Should I Make a Statement to Police After My Arrest?

Charlotte Criminal Lawyer Brad Smith answers the question: “Should I talk to the police?”


A police arrest can be a traumatic experience. When the police make an arrest, there is often some urgency and sometimes confusion. You may be trying to help your case or do not realize what you said, but you made a statement to the police. Now, you are unsure whether you made a big mistake and how you can help resolve your case favorably. While giving a statement might not be helpful to your criminal case, there may be some things your defense attorney can do to improve the situation.


Is an Excited Utterance a Statement?

An excited utterance is a statement you make during or immediately after a situation occurs. An excited utterance includes words spoken without thought while you are in the throes of emotion. Courts have ruled that, in general, excited utterances can be used as evidence in a criminal case. There is no set time for when words you speak at the scene are excited utterances and when it constitutes a statement to law enforcement. If they could hurt your case, your attorney will try to show that the words you spoke should be excluded from the case.


What About a Call to 911?

Calls to 911 are always recorded; therefore, there could be some evidence taken from those calls used in court. A 911 call could be used against you if you confessed. When calling 911, you should be sure that you only answer questions that are asked. Do not provide any additional information than what is needed to get emergency help. It stands to reason that when you call 911, you are very upset, but you should not give any type of confession or statement that could later be used against you in court.



Do the Police Have to Read My Miranda Rights?

The Miranda Warning is information that police must provide you with before they attempt to obtain a statement from you. You have the right to remain silent, and what you say can be used against you in court. You have the right to an attorney during questioning. Although the police read your rights, they may try to get you to talk. If you do, you could make it harder to defend the charges. If the police do not intend to question you, they do not have to immediately read your rights.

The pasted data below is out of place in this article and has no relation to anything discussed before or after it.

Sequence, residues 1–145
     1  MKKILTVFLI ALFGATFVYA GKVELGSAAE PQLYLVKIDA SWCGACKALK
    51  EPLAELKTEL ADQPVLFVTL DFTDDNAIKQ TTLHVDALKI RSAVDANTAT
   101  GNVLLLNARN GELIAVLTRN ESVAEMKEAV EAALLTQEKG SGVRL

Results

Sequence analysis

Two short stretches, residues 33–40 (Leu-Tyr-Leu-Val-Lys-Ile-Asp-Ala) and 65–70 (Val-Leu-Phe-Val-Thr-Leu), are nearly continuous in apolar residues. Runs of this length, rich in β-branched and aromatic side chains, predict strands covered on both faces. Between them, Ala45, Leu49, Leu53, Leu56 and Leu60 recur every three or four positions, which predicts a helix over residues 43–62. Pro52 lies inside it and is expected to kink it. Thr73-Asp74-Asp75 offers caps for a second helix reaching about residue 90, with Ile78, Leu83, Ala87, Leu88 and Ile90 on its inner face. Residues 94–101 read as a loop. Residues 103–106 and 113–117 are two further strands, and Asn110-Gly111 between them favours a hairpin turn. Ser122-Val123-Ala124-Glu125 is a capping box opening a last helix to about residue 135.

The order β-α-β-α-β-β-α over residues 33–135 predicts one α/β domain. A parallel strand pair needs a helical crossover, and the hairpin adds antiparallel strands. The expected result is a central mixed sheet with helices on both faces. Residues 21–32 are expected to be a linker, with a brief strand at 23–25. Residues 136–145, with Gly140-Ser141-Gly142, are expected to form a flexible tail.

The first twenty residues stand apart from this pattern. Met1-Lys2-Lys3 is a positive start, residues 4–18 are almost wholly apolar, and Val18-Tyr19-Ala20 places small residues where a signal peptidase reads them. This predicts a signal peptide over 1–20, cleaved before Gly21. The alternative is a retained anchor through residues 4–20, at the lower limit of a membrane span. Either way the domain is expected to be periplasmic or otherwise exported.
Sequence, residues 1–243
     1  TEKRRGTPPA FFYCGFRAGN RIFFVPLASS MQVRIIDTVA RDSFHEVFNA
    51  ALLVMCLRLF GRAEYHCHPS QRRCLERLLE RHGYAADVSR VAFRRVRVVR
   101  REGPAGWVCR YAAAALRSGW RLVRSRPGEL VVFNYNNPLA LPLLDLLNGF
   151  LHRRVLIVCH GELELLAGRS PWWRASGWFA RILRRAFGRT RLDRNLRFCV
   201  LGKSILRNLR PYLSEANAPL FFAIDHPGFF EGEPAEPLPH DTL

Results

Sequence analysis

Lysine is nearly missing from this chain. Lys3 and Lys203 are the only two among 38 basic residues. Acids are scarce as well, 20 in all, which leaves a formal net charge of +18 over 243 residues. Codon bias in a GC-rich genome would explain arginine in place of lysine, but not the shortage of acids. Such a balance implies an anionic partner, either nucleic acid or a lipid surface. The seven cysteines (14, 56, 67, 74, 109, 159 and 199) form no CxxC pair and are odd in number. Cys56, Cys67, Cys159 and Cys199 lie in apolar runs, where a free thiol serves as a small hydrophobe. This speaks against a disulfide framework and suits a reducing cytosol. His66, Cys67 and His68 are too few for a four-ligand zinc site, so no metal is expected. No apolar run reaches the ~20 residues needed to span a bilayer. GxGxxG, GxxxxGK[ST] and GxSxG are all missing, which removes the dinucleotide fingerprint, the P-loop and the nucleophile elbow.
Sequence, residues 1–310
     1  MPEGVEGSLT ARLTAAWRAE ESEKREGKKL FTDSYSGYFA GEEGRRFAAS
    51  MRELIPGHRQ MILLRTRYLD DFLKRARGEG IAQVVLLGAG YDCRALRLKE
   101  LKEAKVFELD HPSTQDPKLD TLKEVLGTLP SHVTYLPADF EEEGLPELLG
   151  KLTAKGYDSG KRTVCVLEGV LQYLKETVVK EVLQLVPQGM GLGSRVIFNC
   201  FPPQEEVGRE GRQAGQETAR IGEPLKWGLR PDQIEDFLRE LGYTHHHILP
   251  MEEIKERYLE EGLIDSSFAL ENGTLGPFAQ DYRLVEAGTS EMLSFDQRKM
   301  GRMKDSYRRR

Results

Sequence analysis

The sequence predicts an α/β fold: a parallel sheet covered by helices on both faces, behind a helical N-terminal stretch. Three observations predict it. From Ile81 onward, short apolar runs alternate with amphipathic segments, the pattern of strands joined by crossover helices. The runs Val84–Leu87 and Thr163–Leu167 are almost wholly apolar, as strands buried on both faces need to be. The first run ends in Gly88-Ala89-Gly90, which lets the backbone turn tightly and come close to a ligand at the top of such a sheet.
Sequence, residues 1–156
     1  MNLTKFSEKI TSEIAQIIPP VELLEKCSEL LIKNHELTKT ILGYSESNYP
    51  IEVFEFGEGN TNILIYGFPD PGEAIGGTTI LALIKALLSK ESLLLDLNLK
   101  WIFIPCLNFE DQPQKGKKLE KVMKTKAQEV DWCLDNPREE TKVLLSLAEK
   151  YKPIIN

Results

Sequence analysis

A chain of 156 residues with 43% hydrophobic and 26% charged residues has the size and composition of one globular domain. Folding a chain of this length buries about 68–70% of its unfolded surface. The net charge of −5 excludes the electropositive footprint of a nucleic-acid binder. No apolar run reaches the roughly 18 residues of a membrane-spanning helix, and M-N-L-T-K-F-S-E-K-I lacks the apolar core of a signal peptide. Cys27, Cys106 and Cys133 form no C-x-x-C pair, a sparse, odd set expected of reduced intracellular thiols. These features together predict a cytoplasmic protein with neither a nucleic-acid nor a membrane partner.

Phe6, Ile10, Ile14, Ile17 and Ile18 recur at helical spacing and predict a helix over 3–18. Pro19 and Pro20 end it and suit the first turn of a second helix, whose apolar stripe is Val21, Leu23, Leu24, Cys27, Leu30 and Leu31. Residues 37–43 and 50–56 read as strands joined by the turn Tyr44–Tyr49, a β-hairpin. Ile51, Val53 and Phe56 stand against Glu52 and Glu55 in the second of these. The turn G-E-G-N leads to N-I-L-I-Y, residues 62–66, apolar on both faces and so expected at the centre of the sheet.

What Happens if I Already Made a Statement?

After an arrest, the police are often eager to obtain a statement. While it is best not to talk, many people give a statement and then wonder how that will impact the case. A statement can be used against you in court with some exceptions. Your attorney will work to try to get the statement excluded from the evidence. Sometimes without a statement, there may not be enough evidence to proceed. If the statement was made under duress or your rights were not properly read, it may have been obtained improperly. Other times, your statements may not be particularly incriminating; therefore, you can tailor your defense accordingly.


It is usually best not to make any statement to the police, even if you feel it could help keep you from being arrested. Most often, you will face an arrest regardless. It is a good idea to seek legal guidance immediately after the incident. Your attorney will review the facts and provide you with helpful legal advice pertaining to your specific case. If you or a loved one was arrested for a crime, don’t delay. Contact our legal team at Arnold & Smith, PLLC, at (704) 370-2828 for the help you need.






The criminal defense attorneys at Arnold & Smith, PLLC make it their mission to zealously defend their clients on a wide range of criminal matters at both the state and federal levels. These matters may include any charge from traffic offenses; DWI/DUI; drug charges (from simple possession to possession with intent to distribute and trafficking); gun permit denials; weapons offenses; and property crimes (larceny, breaking and entering, robbery, fraud, embezzlement, white collar offenses); to sexually related offenses (indecent exposure; sexual assault, crimes against nature, removal from sex offender registry); and violent crimes (domestic violence; assault; manslaughter; homicide, murder). Other legal issues that Arnold & Smith, PLLC criminal clients may face include restraining orders, restraining order and probation violations, expungements; appeals; and immigration issues related to criminal charges. Our criminal defense attorneys are passionate about ensuring that individuals empower themselves by being informed about their constitutional rights and stand at the ready to fight in defense of those facing criminal charges.



Miranda Warning | Wex | US Law | LII / Legal Information Institute (

excited utterance | Wex | US Law | LII / Legal Information Institute (


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